I like personality profiles. I’m an INTJ, enneagram 1, C (on the DISC scale), and a beaver, so that shouldn’t surprise anyone. I like labels and boxes and people who have labels and fit into boxes.

I’ve lost some of my labels lately, parts of my identity. I was an adoptive mom, then I wasn’t. I was a pastor’s wife, then I wasn’t. And now I’m changing yet another label—homeschool mom.


None of these changes have been easy, but this one stings because it’s so recent. Being a homeschool mom is something I’m proud of. I’ve even told Lee I would change anything in my schedule I needed to change to keep doing it. Because James requires so much of my attention when he’s home, I feel like homeschooling David gives us the time I need to focus on just him.


But on a road trip early this month, we got to talking (our best talks often come in the car). David said he’s lonely. I get that. We moved from PA to TX a year ago and left lots of good friends behind. The church we attend doesn’t have Sunday school or Awana like our church in PA did, so he sees his friends before church and after, but that’s really it. And as we transition away from there to focus on Journey, he’ll see them even less. He has theatre friends but only when they are doing plays together. We don’t know any kids in the neighborhood. And he is the best big brother I know, but his relationship with James isn’t a true friendship.

So off to school he will go in the fall. At least for one grading period. We’ll see how it goes and make future plans from there.

I’m excited for him, truly. But I’m sad for me. We’ve homeschooled through major difficult life events and it’s the anchor I rely on each day at 1:00, when David and I meet to start off our time by both reading.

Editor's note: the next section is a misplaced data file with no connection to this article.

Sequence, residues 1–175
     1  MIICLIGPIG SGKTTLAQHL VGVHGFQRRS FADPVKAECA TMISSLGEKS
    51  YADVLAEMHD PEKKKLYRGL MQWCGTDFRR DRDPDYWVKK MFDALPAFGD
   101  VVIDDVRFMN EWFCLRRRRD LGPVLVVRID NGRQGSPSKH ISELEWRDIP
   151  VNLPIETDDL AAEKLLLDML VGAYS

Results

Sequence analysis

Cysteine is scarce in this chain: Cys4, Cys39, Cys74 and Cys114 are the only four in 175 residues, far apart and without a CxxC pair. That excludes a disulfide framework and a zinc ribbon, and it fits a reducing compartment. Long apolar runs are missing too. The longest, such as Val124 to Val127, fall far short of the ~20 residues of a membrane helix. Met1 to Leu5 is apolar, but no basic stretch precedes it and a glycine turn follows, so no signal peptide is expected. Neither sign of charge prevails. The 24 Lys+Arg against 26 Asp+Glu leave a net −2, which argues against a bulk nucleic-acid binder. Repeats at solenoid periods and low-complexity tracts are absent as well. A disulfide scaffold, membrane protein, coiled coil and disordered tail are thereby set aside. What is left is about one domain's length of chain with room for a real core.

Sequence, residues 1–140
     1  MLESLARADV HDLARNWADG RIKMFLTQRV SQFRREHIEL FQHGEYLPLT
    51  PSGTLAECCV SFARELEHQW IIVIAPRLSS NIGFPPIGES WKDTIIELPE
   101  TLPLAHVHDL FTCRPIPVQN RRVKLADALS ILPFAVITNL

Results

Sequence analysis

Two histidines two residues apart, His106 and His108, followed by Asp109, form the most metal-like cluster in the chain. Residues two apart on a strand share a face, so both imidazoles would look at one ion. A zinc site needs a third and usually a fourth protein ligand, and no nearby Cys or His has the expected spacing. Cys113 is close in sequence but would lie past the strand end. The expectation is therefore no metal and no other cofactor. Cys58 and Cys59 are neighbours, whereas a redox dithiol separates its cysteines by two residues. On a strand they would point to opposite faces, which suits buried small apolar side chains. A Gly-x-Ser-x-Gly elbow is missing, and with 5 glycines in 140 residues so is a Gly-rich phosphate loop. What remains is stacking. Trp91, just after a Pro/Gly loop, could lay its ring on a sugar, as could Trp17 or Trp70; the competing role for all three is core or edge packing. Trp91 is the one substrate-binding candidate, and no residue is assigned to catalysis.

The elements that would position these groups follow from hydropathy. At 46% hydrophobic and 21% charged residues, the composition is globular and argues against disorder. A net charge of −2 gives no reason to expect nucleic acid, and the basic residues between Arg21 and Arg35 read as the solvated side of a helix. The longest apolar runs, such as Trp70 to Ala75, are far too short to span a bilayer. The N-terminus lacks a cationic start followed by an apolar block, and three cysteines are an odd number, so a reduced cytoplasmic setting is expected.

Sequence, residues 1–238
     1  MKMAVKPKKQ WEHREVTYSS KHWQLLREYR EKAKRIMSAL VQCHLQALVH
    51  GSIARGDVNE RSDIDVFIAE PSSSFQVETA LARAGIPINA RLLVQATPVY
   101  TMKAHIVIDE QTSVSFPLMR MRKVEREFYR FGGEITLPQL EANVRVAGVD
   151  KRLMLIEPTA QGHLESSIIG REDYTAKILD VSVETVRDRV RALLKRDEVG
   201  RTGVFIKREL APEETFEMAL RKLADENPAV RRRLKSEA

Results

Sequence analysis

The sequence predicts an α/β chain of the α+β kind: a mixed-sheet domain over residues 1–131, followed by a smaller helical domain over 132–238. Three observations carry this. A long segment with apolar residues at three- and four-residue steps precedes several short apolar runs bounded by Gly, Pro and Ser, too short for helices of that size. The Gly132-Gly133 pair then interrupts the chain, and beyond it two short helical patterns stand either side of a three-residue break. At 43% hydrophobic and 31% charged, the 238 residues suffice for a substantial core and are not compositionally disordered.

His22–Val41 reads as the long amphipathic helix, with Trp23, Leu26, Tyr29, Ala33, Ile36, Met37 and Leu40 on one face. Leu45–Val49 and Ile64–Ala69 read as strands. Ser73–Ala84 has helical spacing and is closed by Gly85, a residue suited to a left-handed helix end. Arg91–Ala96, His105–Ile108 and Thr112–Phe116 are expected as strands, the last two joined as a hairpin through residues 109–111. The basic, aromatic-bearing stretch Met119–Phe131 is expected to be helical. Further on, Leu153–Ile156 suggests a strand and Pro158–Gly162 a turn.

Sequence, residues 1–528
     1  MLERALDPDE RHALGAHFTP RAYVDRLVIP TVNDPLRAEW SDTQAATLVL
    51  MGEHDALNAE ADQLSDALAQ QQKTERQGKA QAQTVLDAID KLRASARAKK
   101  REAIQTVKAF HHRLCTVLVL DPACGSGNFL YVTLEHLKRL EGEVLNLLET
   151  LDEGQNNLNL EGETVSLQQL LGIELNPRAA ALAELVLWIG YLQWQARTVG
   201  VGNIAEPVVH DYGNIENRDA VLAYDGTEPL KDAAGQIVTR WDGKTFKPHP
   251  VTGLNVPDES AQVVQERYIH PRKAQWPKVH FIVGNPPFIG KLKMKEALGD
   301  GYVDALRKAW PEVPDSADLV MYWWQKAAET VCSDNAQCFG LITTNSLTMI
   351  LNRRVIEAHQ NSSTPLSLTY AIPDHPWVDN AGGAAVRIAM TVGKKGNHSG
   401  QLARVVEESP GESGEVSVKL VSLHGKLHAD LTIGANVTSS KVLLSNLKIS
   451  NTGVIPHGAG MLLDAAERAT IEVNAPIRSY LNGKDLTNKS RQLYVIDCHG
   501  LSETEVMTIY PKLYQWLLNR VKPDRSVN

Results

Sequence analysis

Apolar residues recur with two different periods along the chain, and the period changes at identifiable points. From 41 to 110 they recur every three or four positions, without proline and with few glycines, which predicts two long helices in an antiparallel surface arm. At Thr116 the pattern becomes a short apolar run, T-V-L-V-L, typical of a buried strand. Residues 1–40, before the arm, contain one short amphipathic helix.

When my emotions get big, I try to figure out why. What is making me saddest about this? I think it’s because I’m losing part of my identity. Because I’m stepping out of a box I stepped into seven years ago when we were learning B is for boy, ball, and button. Stepping out feels like I’m quitting. It feels like I failed. Again. It feels like yet another u turn in the plan I had for our family. If I’m not a homeschooling pastor’s wife, who am I? 

Paul may have been like me. (I’m 95% sure he was an INTJ at least.) He lists some of his labels in Philippians 3:4-6

If anyone else thinks he has reason for confidence in the flesh, I have more: circumcised on the eighth day, of the people of Israel, of the tribe of Benjamin, a Hebrew of Hebrews; as to the law, a Pharisee; as to zeal, a persecutor of the church; as to righteousness under the law, blameless.

But as we know, those were actually Saul’s labels; the labels Saul was known for before he met Christ and became Paul.

But whatever gain I had, I counted as loss for the sake of Christ. Indeed, I count everything as loss because of the surpassing worth of knowing Christ Jesus my Lord. For his sake I have suffered the loss of all things and count them as rubbish, in order that I may gain Christ and be found in him, not having a righteousness of my own that comes from the law, but that which comes through faith in Christ, the righteousness from God that depends on faith—that I may know him and the power of his resurrection, and may share his sufferings, becoming like him in his death, that by any means possible I may attain the resurrection from the dead. (vv 7-11)

We don’t know Paul as a Pharisee or a Benjamite. We know him as a Christ-follower. That was the most important way he identified himself. After gaining Christ, nothing else mattered. None of the labels or accomplishments. He only lived to please God and be worthy of his calling.

That’s my goal through this too—to focus on Christ and how He calls me to rest in Him. To remember when everything around me feels like it’s changing, He is my anchor.

I may be losing a label, but my identity in Him will never change.

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